Lecture #63 III

  1. multifactorial modes of inheritance examples:
    • hypertentions
    • diabetes
    • cancer
  2. define multifactorial inheritance
    • complex interaction btwn gene and environemtn 
    • genetic variability with no unifactiral mechanism ( there is no single things that contributes to these inheritance)
    • environement play a BIG roll
  3. quantitative trait
    • polygenic 
    • quantitative trait loci
    • there is always variability
  4. how are quantitative traits measured?
    • a bell curve
    • liability districution 
    • threshold model
  5. what does the threshold model tell you
    if you are below the treshold you have unexpressed genetic varaiation if you are above you have expressed variability
  6. what does a higher threshold mean?
    have less disease because you have to reacha certain amount until it is expressed
  7. what are the neural tube defects
    Spina bifida and anencephaly
  8. what environmental factors can cause neural defects
    folic acid intake
  9. what is the recurrence risk of NTD
    • 1 child= 5%
    • 2 children=10%
    • 3 child=21%
  10. what is the general pop risk for neural tube defects?
  11. empirical risk
    • what has been exactly observed in a population because we cannot calculated multifactorial inheritance 
    • they are disease specific  and based on family studies 
    • specific to population
  12. principles of multi factorial inheritance
    • segregation does not fit mendelian inheritance patterns ( they are more complexed)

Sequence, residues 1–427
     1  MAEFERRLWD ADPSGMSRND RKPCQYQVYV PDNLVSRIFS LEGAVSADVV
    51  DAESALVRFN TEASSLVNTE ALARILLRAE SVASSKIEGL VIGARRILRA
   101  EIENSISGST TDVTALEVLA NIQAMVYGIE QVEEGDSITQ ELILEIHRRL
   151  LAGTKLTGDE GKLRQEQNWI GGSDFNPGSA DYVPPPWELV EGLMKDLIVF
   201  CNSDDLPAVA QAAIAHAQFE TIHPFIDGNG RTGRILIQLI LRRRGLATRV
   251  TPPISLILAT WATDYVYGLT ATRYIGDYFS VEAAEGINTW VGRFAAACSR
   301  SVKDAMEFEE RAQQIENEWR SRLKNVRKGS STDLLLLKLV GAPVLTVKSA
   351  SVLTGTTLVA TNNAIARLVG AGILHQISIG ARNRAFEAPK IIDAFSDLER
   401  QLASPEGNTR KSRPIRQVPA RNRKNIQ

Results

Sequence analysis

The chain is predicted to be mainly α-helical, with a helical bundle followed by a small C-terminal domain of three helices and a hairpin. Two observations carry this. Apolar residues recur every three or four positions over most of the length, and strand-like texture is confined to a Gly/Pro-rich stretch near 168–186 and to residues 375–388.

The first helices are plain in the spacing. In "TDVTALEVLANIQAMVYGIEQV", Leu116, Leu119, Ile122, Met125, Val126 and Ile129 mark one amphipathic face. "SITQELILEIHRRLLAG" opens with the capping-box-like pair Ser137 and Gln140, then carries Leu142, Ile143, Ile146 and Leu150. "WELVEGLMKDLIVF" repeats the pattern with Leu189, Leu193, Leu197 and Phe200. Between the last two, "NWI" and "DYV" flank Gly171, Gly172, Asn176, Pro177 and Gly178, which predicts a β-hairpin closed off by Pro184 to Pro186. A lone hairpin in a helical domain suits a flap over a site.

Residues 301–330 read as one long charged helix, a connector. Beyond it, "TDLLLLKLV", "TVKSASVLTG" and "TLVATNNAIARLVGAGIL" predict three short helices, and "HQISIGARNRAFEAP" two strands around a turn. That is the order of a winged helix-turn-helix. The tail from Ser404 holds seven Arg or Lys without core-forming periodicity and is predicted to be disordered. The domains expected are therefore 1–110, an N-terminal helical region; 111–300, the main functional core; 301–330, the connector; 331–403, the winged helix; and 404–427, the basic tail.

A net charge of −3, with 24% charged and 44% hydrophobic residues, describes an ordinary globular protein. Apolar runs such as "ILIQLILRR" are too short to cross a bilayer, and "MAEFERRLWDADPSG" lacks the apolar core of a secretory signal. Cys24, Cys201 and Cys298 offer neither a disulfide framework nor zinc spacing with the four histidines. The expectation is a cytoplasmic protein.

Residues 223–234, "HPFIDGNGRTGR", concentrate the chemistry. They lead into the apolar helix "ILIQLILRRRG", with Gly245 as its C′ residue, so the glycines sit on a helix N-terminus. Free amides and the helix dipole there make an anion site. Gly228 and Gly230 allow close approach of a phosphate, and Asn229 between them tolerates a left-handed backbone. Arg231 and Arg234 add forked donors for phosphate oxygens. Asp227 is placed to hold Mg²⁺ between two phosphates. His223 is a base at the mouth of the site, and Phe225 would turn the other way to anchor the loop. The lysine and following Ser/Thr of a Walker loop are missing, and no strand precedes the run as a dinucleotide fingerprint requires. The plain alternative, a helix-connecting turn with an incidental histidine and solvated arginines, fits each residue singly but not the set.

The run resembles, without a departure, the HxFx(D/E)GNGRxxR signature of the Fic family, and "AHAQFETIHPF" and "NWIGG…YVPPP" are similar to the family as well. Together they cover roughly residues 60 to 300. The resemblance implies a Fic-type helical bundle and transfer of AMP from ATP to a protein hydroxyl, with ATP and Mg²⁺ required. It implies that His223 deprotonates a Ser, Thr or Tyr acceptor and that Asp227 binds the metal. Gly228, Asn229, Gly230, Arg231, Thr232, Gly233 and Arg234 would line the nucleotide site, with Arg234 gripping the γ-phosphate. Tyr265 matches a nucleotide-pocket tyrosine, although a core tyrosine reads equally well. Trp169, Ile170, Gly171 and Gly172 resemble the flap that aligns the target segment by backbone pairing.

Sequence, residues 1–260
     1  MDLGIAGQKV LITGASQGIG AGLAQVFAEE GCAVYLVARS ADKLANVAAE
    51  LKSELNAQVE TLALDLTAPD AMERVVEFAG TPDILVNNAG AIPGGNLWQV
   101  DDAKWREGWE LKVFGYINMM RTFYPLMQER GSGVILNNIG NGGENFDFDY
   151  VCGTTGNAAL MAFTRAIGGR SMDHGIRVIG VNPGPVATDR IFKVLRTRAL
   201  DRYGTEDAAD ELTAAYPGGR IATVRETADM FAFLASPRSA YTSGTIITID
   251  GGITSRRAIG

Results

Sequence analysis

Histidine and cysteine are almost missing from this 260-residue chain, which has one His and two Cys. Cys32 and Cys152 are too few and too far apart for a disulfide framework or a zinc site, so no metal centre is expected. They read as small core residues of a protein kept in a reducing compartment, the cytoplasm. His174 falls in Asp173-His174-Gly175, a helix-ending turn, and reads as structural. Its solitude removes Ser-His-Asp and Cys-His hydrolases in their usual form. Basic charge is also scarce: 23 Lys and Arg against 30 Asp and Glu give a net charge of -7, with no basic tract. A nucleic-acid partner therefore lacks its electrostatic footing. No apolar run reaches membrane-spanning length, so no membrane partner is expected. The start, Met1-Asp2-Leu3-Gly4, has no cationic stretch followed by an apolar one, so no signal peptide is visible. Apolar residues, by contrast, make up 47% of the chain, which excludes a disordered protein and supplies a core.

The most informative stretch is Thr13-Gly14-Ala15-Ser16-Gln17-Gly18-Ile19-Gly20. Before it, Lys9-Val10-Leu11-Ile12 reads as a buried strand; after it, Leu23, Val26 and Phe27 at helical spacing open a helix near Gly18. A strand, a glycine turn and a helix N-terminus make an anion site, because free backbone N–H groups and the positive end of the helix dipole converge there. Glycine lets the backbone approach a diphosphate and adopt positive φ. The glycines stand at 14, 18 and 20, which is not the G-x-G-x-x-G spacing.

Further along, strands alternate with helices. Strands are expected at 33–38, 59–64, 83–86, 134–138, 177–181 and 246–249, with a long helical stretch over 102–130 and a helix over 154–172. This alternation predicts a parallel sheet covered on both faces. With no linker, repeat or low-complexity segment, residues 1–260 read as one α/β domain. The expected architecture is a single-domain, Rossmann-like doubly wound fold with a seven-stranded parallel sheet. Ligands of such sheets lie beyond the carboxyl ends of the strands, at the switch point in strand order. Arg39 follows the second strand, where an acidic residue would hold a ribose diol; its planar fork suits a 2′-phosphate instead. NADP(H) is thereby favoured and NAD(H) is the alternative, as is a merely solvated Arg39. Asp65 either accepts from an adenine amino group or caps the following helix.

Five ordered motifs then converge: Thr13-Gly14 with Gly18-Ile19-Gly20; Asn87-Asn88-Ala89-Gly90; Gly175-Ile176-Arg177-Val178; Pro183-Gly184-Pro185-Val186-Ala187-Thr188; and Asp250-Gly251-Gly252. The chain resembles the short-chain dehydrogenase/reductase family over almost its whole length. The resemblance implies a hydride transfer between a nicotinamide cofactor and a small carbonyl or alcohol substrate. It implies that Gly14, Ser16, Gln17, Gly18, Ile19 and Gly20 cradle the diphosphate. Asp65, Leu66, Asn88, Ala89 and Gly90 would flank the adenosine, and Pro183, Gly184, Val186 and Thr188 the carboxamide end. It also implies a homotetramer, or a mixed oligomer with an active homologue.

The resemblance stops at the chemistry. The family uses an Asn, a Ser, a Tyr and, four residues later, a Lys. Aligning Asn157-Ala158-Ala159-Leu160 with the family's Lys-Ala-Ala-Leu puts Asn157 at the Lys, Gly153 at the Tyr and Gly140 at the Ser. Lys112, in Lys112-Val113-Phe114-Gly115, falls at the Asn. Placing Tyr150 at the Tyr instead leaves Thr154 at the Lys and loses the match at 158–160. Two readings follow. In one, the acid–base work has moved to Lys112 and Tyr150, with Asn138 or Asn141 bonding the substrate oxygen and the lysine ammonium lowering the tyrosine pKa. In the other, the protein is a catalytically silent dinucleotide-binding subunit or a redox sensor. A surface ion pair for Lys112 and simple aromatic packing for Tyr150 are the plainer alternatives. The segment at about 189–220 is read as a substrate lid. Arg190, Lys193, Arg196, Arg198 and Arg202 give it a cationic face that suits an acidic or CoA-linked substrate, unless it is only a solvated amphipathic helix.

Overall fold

• recurrent risk within a family is larger than general pop
    • inverse relationship btwn recuurence risk and distanc eof family members 
    • risk increase with affected individuals
    • increased roisk comes with increase severity
    • may have a sex bias
  13. cleft palate
    • congenital malformation
    • .1% if non of the parents have this malformation ut risk increases with siblings and 1st and 2nd degress relatives
  14. Pyloric stenosis
    • congenital defect 
    • male biased

    fathers pass on reccurent risk higher to son
  15. what is significant about maternal passing on of the pyloric stenosis  gene
    females have higher threshold and they have greater contribution to creating the gene because there has to be more thing factoringin forthe disease to manifest
  16. Diabetes Type II
    • major risk is family history 
    • second is obesity
  17. cancer genetics
    • there must be genetic changes 
    • rare ocurance
    • genetic predisposition and environemtnal risk
    • uncontrolled cell divison and proliferation that can lead to tumor
  18. protooncogenes
    • normal role if to promote cell proliferation e.g. growth factors, transcription factos, receptor, and signal transduction
    •  when it is mutated it becomes an oncogene which is the bad stuff
  19. oncogenes
    • increase in function mutation 
    • enhance function
  20. tumor suppressors
    • genes involved in suppressing the cycle .g. 
    • p53
  21. retinoblastoma
    • mutationin RB1 gene ( a tumor supressor) 
    • Rb1 has twp alleles and you need mutation in both 
    • two types
  22. two hit hypothesis
    • you need mutation in both alleles of a tumor suppressor in order to progress to cancer phenotype
    • loss of heterocygosity
  23. what mutations cause familial and ovarian cancer
    BRCA1 and BRCA2 genes
  24. what mutation is found in 30% of all cancers?
    Ras mutation
  25. what does p53 normal function
    there to induce apoptosis in a damaged cell
  26. environmental factors that can contribute to cncers
    • smoking 
    • diet 
    • occupation
Card Set
Lecture #63 III
Multifactorial and Complex Diseases - Part 1